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HomeCybersecurity NewsCybersecurity news weekly roundup September 25, 2023

Cybersecurity news weekly roundup September 25, 2023

SAN MATEO, CA, September 25, 2023 — Cybersecurity news weekly roundup. Stories, news, politics, and events that impacted the network security industry last week. Brought to you by NetworkTigers.

Emergency updates issued by Apple fix three new zero-day exploits

Three new actively exploited zero-day vulnerabilities targeting iPhone and Mac users have been patched by Apple via an emergency update, bringing the total to 16 zero-days patched in 2023 thus far. Two flaws were found in the WebKit browser engine (CVE-2023-41993) and the Security framework (CVE-2023-41991). These bugs allow threat actors to “bypass signature validation using malicious apps or gain arbitrary code execution via maliciously crafted webpages.” The third flaw (CVE-2023-41992) was found in the Kernel Framework and could be exploited to escalate privileges. Apple has yet to disclose specific exploitation details for these bugs. Read more.

Stealthy malware variants allow P2PInfect botnet activity to surge

According to research findings at Cado, the P2PInfect botnet has “entered a new period of code stability that allows it to ramp up its operation.” Reports indicate that P2PInfect has been upgraded with features that make it a “stealthier, more formidable threat.” New abilities include “a cron-based persistence mechanism that replaces the previous ‘bash_logout’ method, triggering the main payload every 30 minutes,” the use of a “secondary bash payload to communicate with the primary payload via a local server socket,” and the use of an SSH key to “overwrite any SSH authorized_keys on the breached endpoint to prevent legitimate users from logging in via SSH.” Recent surges in P2PInfect traffic and a steadily expanding volume of variants in the wild lead researchers to believe that the malware’s creators are “operating at an extremely high development cadence.” Read more.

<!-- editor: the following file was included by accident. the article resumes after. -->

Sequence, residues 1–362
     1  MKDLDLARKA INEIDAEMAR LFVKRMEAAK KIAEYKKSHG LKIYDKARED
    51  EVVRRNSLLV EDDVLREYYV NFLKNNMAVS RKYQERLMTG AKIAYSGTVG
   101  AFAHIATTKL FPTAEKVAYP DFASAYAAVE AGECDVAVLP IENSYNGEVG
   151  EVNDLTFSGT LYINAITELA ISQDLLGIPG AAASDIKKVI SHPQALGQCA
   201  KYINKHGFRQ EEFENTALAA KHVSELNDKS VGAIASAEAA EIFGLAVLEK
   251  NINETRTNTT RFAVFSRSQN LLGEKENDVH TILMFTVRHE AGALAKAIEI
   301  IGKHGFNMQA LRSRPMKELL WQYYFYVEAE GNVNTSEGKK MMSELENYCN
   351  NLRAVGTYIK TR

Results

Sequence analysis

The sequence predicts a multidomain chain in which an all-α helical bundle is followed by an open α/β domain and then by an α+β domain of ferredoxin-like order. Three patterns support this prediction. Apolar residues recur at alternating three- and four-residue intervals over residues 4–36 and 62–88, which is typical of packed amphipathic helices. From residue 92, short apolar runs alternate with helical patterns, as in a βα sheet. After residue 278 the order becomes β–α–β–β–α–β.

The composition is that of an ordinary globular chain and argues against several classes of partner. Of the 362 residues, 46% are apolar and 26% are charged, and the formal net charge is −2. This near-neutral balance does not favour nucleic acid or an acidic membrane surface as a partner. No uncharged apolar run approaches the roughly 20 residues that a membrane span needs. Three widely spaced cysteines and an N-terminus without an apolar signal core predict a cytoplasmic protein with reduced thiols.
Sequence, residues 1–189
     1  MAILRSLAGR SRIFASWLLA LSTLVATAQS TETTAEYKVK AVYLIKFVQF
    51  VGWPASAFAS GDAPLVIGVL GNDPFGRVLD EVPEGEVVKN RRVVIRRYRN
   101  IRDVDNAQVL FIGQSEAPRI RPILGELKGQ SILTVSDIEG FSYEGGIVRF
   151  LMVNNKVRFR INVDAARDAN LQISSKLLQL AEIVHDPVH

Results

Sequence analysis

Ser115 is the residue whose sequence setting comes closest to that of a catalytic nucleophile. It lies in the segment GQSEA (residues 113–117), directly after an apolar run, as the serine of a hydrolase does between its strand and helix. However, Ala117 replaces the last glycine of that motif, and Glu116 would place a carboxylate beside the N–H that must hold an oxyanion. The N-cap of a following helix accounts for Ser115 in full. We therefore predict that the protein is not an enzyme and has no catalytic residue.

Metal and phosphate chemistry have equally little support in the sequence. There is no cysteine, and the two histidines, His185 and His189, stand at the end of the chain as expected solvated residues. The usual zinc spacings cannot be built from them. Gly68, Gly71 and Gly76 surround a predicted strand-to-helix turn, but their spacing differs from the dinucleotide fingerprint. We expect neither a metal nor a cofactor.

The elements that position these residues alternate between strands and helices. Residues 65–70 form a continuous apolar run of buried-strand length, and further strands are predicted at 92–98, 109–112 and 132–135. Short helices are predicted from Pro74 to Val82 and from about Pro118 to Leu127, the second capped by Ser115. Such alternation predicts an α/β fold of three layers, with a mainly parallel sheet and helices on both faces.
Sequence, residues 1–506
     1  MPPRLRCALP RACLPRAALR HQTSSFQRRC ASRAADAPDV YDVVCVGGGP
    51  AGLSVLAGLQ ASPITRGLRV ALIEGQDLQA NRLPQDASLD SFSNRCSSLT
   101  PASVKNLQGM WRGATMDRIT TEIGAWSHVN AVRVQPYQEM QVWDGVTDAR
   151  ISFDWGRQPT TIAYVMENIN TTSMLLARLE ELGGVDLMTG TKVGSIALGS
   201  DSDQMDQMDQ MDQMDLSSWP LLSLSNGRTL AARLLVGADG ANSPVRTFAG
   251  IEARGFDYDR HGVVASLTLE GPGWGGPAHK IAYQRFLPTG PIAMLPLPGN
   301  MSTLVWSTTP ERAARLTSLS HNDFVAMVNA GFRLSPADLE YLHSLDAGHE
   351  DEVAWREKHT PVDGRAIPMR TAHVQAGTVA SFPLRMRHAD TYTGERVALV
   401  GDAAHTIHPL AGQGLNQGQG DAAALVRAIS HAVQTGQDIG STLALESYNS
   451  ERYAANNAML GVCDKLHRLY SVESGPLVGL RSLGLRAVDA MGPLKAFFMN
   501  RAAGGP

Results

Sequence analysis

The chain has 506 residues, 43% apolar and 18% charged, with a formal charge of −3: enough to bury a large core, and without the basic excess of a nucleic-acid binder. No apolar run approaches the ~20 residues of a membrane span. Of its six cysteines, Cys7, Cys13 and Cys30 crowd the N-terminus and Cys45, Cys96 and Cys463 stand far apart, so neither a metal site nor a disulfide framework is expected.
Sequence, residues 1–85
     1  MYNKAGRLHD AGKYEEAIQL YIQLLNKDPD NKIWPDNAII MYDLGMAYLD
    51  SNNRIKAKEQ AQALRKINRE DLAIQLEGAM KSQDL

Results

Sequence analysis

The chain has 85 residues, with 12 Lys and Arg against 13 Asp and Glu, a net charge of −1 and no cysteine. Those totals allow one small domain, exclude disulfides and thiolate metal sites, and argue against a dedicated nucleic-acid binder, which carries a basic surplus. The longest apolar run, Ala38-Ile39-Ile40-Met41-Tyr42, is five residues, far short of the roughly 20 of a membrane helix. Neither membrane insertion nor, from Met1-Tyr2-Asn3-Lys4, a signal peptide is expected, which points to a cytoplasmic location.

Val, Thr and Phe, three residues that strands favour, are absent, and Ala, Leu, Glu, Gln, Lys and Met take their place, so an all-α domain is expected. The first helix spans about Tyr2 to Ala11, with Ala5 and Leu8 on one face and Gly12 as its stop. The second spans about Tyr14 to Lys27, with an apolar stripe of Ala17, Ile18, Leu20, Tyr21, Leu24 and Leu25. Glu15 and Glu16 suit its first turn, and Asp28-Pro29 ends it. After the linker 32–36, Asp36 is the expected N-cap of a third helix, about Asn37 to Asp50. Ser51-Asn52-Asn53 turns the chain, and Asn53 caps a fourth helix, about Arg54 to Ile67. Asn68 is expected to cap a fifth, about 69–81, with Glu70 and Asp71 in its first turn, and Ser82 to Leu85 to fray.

Nagios XI network monitoring software contains critical security flaws

Four security vulnerabilities have been reported in the Nagios XI network monitoring software. The flaws disclosed responsibly to the developer in August have been patched in version 5.11.2 of the software. Three bugs, CVE-2023-40931, CVE-2023-40933 and CVE-2023-40934, are described by security firm Outpost24 as allowing “users, with various levels of privileges, to access database fields via SQL Injections.” The fourth, CVE-2023-40932, “relates to a cross-site scripting (XSS) flaw in the Custom Logo component that could be used to read sensitive data, including cleartext passwords from the login page.” Users are encouraged to update their software to the current version as soon as possible to prevent the unauthorized execution of arbitrary SQL commands and the injection of arbitrary JavaScript and read and modify page data. Read more.

GitLab to users: install security updates to patch severe flaw

A critical security vulnerability that allows threat actors to “run pipelines as other users via scheduled security scan policies” within GitLab, a web-based open-source software project management/work tracking platform, has been patched via scheduled security scan updates that the developer is urging all users to apply. The bug, CVE-2023-5009, is present in GitLab Community Edition (CE) and Enterprise Edition (EE) versions 13.12 through 16.2.7 and 16.3 through 16.3.4. Exploitation of the flaw could allow an attacker to access sensitive data, modify data, or execute events within the GitLab system. Read more.

Malicious AI tool WormGPT updated to feature-rich version 2

WormGPT is an “AI module system that gives the threat actors abilities to launch automated attacks like phishing.” It allows unlimited character support, chat memory retention, and code formatting. With crypto-only payments and the versatility to accommodate malware, BEC attacks, and other hacks with no user logs, the language model has proven troubling for security researchers who are universally concerned about how threat actors will continue to leverage AI for nefarious purposes. WormGPT V2 offers even more features, including faster operation, coding formatting, no limitations, different AI models, and a deeper focus on privacy. The service costs only $300 for lifetime access, putting tremendous power within reach of even the most bootstrapped threat actors. Read more.